Sara Wakili

Senior AML Officer in our Compliance team tells us about what Break the Bias means to her and the challenges faced by women

What does Break the Bias mean to you?

To me, Break the Bias means actively challenging and dismantling the biases and discrimination women face in every aspect of life. First and foremost, this is an opportunity for each of us to look inwards and reflect on our thoughts and beliefs around gender and unlearn harmful gender norms and stereotypes that perpetuate inequality and reinforce discrimination against women. Secondly, it is about taking active steps to end biases against women wherever we see them, whether it’s in our homes, communities, or place of work. 

How can allies help to break the bias (or any specific form of bias)?

Allies can help by listening to understand the lived experiences of women and how biases make it challenging for women to progress. And, to work alongside women to reach practical solutions to challenging and ending these biases and effectively remove barriers to women’s success. An easy starting point is to join the gender equality network within your organisation and attend network events, sponsor initiatives, and meaningfully engage with the dialogue.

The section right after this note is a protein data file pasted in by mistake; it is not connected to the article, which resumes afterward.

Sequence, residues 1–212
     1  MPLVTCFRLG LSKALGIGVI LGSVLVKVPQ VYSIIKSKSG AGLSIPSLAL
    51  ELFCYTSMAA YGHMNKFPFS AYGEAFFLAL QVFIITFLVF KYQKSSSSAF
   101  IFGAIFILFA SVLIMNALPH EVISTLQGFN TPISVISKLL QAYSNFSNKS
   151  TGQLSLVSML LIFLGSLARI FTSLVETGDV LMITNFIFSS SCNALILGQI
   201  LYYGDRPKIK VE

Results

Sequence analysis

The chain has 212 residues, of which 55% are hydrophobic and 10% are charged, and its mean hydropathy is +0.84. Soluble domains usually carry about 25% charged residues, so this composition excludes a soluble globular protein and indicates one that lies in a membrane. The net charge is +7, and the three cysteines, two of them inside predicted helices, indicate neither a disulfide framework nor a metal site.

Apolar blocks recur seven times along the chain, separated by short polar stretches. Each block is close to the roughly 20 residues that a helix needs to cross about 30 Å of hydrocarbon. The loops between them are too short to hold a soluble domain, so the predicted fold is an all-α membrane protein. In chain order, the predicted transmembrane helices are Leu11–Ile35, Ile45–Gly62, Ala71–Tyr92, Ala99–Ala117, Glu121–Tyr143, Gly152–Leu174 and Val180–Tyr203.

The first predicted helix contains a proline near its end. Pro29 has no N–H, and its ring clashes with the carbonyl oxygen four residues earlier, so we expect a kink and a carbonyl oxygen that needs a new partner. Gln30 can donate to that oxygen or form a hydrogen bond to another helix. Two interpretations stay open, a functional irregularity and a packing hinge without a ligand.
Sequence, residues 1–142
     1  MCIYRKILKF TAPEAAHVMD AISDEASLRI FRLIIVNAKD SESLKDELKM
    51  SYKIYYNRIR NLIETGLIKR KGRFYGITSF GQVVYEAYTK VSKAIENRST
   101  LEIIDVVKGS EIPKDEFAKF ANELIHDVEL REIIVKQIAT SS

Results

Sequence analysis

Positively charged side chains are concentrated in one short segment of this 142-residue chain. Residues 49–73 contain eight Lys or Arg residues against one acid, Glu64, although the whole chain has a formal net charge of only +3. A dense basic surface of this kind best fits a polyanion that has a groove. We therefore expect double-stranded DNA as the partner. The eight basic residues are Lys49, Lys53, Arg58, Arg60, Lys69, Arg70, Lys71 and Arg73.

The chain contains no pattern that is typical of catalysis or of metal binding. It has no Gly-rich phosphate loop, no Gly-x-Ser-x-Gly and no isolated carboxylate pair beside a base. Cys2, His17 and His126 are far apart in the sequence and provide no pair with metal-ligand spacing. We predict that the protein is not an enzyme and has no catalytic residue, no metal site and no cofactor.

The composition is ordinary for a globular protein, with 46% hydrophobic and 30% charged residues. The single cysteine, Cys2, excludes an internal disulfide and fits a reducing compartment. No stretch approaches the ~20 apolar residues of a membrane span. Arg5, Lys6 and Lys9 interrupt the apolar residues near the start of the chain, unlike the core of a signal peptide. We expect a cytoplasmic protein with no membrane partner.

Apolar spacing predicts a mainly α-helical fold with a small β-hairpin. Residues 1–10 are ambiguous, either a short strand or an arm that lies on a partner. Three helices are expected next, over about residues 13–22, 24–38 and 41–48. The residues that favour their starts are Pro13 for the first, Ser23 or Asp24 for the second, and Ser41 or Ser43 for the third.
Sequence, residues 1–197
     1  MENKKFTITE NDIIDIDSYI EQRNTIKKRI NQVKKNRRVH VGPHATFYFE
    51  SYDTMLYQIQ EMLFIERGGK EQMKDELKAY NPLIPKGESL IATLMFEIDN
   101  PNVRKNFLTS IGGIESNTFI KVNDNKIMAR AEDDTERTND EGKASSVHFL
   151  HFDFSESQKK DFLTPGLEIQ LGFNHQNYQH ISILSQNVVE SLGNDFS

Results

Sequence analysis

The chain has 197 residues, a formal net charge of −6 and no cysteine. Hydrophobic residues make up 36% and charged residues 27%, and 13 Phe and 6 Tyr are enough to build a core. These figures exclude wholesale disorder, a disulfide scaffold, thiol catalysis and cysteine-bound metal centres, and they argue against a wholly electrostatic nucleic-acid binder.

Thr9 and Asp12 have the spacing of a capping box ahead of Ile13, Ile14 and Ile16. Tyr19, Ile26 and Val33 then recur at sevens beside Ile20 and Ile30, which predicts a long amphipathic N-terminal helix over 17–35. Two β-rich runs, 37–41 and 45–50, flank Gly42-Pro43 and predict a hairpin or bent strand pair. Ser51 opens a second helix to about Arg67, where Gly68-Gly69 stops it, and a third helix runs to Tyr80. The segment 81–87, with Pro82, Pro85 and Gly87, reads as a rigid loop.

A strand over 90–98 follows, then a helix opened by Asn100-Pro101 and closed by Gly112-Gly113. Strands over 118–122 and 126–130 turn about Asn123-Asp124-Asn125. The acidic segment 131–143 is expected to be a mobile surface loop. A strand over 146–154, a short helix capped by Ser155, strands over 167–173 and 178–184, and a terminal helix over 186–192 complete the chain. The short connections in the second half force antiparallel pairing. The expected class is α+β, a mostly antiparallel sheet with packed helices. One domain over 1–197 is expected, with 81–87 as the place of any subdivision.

What one piece of advice would you give a woman entering the legal sector?

Expand and diversify your personal and professional network. Establish and build genuine connections with mentors, sponsors, and friends who understand, support, and guide you in your journey to achieving your goals. It’s also important not to limit your network to women only. During my career, some of my biggest sponsors have been men - true allies who have actively empowered and supported me whilst I navigated my career. 

What do you think is the biggest challenge facing women?

Gender stereotyping remains the biggest challenge women face and is the root cause of most biases and discrimination against women in the workplace and outside of work. Common examples include the penalisation of assertive women as unlikable, unkind and non-communal whilst misjudging a woman who may fit the gender stereotype of women as caring and gentle, to not be fit for leadership.  

Who would you say is your role model?

Ruth Bader Ginsburg (RBG) - she is the epitome of resilience and strength for me and a warrior for women’s rights. Despite facing numerous obstacles, barriers, and adversity, RBG persevered to fulfil her ambitions and fought tirelessly and selflessly for justice and equality.